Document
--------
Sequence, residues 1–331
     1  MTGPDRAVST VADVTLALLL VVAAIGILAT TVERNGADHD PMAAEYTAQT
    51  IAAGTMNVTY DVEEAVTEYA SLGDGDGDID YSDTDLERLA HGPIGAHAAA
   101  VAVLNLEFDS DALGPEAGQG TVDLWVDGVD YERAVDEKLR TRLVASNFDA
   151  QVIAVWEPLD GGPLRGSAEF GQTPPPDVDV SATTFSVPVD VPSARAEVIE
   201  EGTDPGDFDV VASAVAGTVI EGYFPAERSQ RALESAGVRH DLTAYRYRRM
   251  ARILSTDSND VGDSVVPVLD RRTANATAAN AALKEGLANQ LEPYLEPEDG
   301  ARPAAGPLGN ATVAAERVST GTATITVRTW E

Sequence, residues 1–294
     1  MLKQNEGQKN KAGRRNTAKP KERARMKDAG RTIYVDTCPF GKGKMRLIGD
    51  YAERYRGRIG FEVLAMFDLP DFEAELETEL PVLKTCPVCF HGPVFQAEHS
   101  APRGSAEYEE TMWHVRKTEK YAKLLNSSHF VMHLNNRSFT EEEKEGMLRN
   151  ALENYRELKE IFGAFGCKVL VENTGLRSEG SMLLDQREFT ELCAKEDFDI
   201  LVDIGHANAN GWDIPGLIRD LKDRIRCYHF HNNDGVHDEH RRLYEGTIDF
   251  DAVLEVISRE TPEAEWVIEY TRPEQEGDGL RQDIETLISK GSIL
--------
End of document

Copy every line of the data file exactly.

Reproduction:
Sequence, residues 1–331
     1  MTGPDRAVST VADVTLALLL VVAAIGILAT TVERNGADHD PMAAEYTAQT
    51  IAAGTMNVTY DVEEAVTEYA SLGDGDGDID YSDTDLERLA HGPIGAHAAA
   101  VAVLNLEFDS DALGPEAGQG TVDLWVDGVD YERAVDEKLR TRLVASNFDA
   151  QVIAVWEPLD GGPLRGSAEF GQTPPPDVDV SATTFSVPVD VPSARAEVIE
   201  EGTDPGDFDV VASAVAGTVI EGYFPAERSQ RALESAGVRH DLTAYRYRRM
   251  ARILSTDSND VGDSVVPVLD RRTANATAAN AALKEGLANQ LEPYLEPEDG
   301  ARPAAGPLGN ATVAAERVST GTATITVRTW E

Sequence, residues 1–294
     1  MLKQNEGQKN KAGRRNTAKP KERARMKDAG RTIYVDTCPF GKGKMRLIGD
    51  YAERYRGRIG FEVLAMFDLP DFEAELETEL PVLKTCPVCF HGPVFQAEHS
   101  APRGSAEYEE TMWHVRKTEK YAKLLNSSHF VMHLNNRSFT EEEKEGMLRN
   151  ALENYRELKE IFGAFGCKVL VENTGLRSEG SMLLDQREFT ELCAKEDFDI
   201  LVDIGHANAN GWDIPGLIRD LKDRIRCYHF HNNDGVHDEH RRLYEGTIDF
   251  DAVLEVISRE TPEAEWVIEY TRPEQEGDGL RQDIETLISK GSIL